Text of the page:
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I have a text file which has the count of how many times does a phrase appear inside a corpus. The file looks like this, with the phrase and its count separated by "=":

phrase1=100
phrase2=156
... and so on

What is a good simple visualization tool that can take this file (or a slightly modified version of this), and provide me a nice visualization in form of bubbles, where the bubble size is proportional to the count of the phrase. I would prefer the phrase be written inside the bubble.

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up vote 6 down vote accepted

The type of plot you referred to in the OP (bubble plot) is also referred to as a balloon plot.

The title of your question is directed to the more general problem of intuitively displaying word frequency in a given text. Given this, perhaps it's worth mentioning that the infographics gurus are critical of bubble plots because the plot is based on mapping data values to circle areas.

Unfortunately, the same gurus haven't agreed on a plausible set of alternatives (as far as i know).

The best alternative to a bubble plot to show term frequency, that i can think of, is usually referred to as a tag cloud.

On his blog, Statistics, R, Graphics, and Fun, Yihui Xie, has written an excellent tutorial for creating tag clouds using R. His tutorial is excellent for two reasons--it's nicely written with step-by-step code, and the result is beautiful.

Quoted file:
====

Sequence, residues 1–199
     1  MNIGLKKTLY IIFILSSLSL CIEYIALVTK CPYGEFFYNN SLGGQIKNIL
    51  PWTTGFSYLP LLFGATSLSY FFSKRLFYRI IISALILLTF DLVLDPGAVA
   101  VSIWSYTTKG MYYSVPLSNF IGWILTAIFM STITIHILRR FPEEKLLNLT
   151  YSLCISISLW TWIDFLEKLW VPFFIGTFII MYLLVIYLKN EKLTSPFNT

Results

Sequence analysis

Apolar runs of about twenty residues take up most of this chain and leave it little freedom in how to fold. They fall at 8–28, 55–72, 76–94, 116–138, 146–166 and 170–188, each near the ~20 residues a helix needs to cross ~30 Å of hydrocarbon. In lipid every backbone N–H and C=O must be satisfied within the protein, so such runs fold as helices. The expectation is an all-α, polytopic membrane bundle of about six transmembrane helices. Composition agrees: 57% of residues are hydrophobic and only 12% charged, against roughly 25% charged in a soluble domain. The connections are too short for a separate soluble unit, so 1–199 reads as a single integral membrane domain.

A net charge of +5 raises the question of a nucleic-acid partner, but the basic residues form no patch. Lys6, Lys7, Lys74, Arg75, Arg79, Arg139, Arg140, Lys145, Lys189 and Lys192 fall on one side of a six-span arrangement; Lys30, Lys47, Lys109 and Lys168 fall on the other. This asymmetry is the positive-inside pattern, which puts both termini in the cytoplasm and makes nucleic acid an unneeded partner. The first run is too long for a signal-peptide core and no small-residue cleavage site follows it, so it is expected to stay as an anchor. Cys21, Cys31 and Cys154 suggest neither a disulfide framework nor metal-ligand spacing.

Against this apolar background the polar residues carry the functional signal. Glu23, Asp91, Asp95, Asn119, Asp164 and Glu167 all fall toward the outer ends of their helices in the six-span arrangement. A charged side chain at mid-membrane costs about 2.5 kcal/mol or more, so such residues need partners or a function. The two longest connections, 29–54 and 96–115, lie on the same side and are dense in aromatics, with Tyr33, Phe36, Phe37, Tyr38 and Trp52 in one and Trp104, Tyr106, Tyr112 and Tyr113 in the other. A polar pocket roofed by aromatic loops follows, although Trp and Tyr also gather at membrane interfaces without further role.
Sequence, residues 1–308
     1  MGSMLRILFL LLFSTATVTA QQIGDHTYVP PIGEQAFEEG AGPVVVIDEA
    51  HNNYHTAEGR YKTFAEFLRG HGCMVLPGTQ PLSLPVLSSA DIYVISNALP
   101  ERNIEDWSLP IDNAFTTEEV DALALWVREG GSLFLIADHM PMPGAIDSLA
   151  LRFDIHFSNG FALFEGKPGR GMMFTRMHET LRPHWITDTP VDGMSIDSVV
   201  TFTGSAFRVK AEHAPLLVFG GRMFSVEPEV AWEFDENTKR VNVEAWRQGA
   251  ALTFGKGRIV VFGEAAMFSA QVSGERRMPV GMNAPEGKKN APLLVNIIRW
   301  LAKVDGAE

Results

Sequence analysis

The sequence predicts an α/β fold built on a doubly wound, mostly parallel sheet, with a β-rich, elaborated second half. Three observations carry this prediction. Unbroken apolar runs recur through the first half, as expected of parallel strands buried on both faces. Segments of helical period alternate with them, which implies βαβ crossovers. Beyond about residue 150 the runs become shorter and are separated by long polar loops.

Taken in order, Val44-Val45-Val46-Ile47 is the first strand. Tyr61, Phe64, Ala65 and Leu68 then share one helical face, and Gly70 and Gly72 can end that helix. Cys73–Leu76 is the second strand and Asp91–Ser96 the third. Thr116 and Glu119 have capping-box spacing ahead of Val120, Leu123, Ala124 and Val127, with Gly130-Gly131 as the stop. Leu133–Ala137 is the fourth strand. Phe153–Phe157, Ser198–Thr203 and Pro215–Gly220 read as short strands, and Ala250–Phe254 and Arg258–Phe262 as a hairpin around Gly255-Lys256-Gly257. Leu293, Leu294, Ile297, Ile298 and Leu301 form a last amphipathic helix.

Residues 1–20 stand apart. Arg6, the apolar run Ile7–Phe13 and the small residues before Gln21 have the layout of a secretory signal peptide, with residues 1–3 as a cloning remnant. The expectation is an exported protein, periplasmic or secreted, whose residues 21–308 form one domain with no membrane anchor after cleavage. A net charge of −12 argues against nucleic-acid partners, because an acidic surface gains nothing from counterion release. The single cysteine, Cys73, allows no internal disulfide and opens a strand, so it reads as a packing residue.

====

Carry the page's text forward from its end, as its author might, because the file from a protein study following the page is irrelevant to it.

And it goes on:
See also this Post on R Bloggers for a tutorial on creating a better tag cloud.

But if a bubble (aka balloon) plot is what you want, here you go.

They are simple to create in R. There is meticulously detailed step-by-step tutorial for creating and polishing Bubble Charts on the excellent Flow Data site.

In addition, the R Package gplots (available on CRAN) includes a function balloonplot for plotting these directly.

From the Flowing Data Site:

enter image description here

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Hum, I am not sure I completely understand you idea of Bubble graphics. For a lot of phrases it does not look feasible to me. Have you looked at GraphViz?

I have done similar project to count the words in Wikipedia:

Wikipedia Frequency List

The best way I know is to use double log scale. You can probably add some phrases on the graph. I created all graphics here with Xmgrace.

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Thanks Ross for your reply. By Bubble graphics, I actually meant this: mbostock.github.com/d3/ex/bubble.html which shows bubbles and the radius of the bubble in my case should be propotional to the word count written inside the text. – Abhishek Shivkumar Sep 16 '11 at 10:51
    
Ok, then. If you know how to pack all the circles it can be easy to just generate SVG file with simple porgamm, then open it in Inkscape and generate PNG for example. – Ross Sep 16 '11 at 12:22
    
Concur with Ross' comment: for real-life NLP work, the proposed visualization is not going to be helpful. You are going to have a lot of long-tail data (Zipf distribution), i.e. minimal bubbles with little impact on your overall understanding of your problem, and producing a graph for anything beyond toy data is going to require inordinate amounts of processing time. But perhaps your problem is very specialized, so that you have no more than a few hundred labels? Perhaps you could clarify your usage scenario? But technically, GraphViz / dotty should be fine for this. – tripleee Sep 17 '11 at 6:45
    
Yes, the number of final entires in the histogram file representing the text is minimal because I extract only those phrases that are noun-phrases along with their frequencies. – Abhishek Shivkumar Sep 21 '11 at 9:11

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